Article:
When you define a function, normally the compiler creates just one set of instructions in memory. When you call the function, execution of the program jumps to those instructions, and when the function returns, execution jumps back to the next line in the calling function. If you call the function 10 times, your program jumps to the same set of instructions each time. This means there is only one copy of the function, not 10. There is some performance overhead in jumping in and out of functions. It turns out that some functions are very small, just a line or two of code, and some efficiency can be gained if the program can avoid making these jumps just to execute one or two instructions. When programmers speak of efficiency, they usually mean speed: The program runs faster if the function call can be avoided.

If a function is declared with the keyword inline, the compiler does not create a real function: It copies the code from the inline function directly into the calling function. No jump is made; it is just as though you had written the statements of the function right into the calling function. Note that inline functions can bring a heavy cost. If the function is called 10 times, the inline code is copied into the calling functions each of those 10 times. The tiny improvement in speed you might achieve is more than overshadowed by the increase in size of the executable program.

Some of the situations where inline expansion may not work are:
1. For functions returning values, if a loop , a switch, or a goto exist. 2. For functions not returning values, if a return statement exist. 3. If functions contain static variable. 4. If inline functions are recursive.

#include <iostream.h> inline int Double(int); void main() { int target; cout << Enter a number to work with: ; cin >> target; target = Double(target); cout << Target: << target << endl; target = Double(target); cout << Target: << target << endl; target = Double(target); cout << Target: << target << endl; } int Double(int target) { return 2*target; }

Recursion
Besides calling other functions, a function can call itself. This is called recursion, and recursion can be direct or indirect. It is direct when a function calls itself; it is indirect recursion when a function calls another function that then calls the first function.

It is important to note that when a function calls itself, a new copy of that function is run. The local variables in the second version are independent of the local variables in the first, and they cannot affect one another directly, any more than the local variables in main() can affect the local variables in any function it calls.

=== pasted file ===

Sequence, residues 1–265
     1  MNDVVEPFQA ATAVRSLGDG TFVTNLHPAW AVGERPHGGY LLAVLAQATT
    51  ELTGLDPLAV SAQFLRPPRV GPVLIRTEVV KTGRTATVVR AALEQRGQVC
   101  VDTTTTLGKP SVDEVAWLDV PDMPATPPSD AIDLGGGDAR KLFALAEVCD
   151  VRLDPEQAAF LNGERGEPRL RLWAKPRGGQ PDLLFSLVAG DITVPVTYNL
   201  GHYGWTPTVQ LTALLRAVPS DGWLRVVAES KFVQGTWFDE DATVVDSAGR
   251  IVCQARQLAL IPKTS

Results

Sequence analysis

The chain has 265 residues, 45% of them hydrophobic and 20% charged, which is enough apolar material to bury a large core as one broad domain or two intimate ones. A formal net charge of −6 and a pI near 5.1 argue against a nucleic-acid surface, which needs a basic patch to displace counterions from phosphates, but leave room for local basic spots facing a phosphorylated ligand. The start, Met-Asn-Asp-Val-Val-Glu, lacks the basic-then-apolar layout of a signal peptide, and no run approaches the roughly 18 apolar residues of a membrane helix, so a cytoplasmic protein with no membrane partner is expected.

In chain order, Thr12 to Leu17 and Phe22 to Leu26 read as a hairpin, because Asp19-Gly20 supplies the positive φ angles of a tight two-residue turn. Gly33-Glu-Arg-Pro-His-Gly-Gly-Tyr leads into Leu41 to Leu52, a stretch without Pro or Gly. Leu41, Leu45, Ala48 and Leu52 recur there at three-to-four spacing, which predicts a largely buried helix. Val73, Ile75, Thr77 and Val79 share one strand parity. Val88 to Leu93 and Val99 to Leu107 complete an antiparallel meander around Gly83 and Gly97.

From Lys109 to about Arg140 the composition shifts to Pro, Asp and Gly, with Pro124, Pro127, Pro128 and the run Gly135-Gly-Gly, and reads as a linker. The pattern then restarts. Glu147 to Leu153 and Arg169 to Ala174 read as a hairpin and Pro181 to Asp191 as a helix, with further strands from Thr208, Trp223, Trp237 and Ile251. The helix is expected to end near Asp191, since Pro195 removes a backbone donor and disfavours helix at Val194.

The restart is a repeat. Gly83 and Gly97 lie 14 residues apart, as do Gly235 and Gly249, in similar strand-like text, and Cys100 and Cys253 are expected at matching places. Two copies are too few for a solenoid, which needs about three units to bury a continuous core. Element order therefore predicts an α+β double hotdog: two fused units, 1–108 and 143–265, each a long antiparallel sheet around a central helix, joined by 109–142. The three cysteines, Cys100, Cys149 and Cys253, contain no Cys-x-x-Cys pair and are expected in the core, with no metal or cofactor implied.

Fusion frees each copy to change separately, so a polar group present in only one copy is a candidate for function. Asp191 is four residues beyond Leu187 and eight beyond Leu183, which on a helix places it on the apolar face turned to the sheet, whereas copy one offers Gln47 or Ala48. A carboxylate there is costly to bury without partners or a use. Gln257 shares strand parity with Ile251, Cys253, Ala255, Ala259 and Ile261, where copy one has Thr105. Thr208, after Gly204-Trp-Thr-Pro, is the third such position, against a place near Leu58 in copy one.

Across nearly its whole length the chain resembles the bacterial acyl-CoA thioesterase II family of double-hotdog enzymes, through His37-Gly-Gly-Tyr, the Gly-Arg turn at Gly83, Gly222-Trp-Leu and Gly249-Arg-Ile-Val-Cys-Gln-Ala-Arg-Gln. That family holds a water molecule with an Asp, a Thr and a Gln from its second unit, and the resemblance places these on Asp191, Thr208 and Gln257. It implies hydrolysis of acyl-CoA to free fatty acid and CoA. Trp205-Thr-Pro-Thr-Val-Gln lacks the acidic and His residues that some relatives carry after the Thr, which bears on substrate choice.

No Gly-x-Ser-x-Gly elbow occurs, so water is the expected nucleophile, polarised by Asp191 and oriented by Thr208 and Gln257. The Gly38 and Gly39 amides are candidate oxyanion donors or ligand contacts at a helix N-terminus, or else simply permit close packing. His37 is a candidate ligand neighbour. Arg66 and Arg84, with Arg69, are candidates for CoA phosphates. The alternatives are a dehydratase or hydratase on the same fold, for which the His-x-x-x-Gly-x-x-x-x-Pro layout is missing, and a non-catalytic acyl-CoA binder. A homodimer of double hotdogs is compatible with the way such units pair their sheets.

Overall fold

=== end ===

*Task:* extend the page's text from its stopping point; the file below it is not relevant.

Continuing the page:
Empty for
#include <iostream.h> void main() { for (int i = 0; i<5; cout << i: << i++ << endl); }

#include <iostream.h> void main() { int counter=0; // initialization int max; cout << How many hellos?; cin >> max; for (;;) // a for loop that doesnt end { if (counter < max) // test { cout << Hello!\n; counter++; // increment } else break; } }

Recursion
Besides calling other functions, a function can call itself. This is called recursion, and recursion can be direct or indirect. It is direct when a function calls itself; it is indirect recursion when a function calls another function that then calls the first function.

It is important to note that when a function calls itself, a new copy of that function is run. The local variables in the second version are independent of the local variables in the first, and they cannot affect one another directly, any more than the local variables in main() can affect the local variables in any function it calls.

pointer A pointer is a variable that holds a memory address of another variable.


Advantages of pointer : 1. Pointers are more efficient in handling arrays and data table. 2. Pointers can be used to return multiple values from a function via function arguments. 3. Pointers allow C to support dynamic memory management. 4. Pointer provide an efficient tool for manipulating dynamic data structures such as structure , linked lists, queues, stacks and tree. 5. Pointer reduce length and complexity of programs. 6. Pointer increase the execution speed and thus reduce the program execution time.

Accessing the address of a variable


The actual location of a variable in the memory is system dependent . The address of a variable can be accessed by operator & immediately

preceding a variable. For example


Int *p, num; P= &num;

Would assign the address of variable num to the pointer variable p. The & operator is called as address of .

// Demonstrates address of operator and addresses of local variables


#include <iostream.h> void main() { int var1 =5; float Var2=6553; long sVar = -65535; cout << var1:\t << var1 << Address of var1:\t << &var1 << \n; cout << var2:\t << var2 << Address of var2:\t << &var2 << \n; cout << sVar:\t << sVar << Address of sVar:\t << &sVar << \n; getch(); }

Declaring and initializing pointer


The declaration of a pointer variable takes the following form; data type * Pointer-name; 1. the asterisk (*) tells that the variable Pointer_name is a pointer variable. 2. Pointer_name needs a memory location. 3. pointer_name points to a variable of type datatype.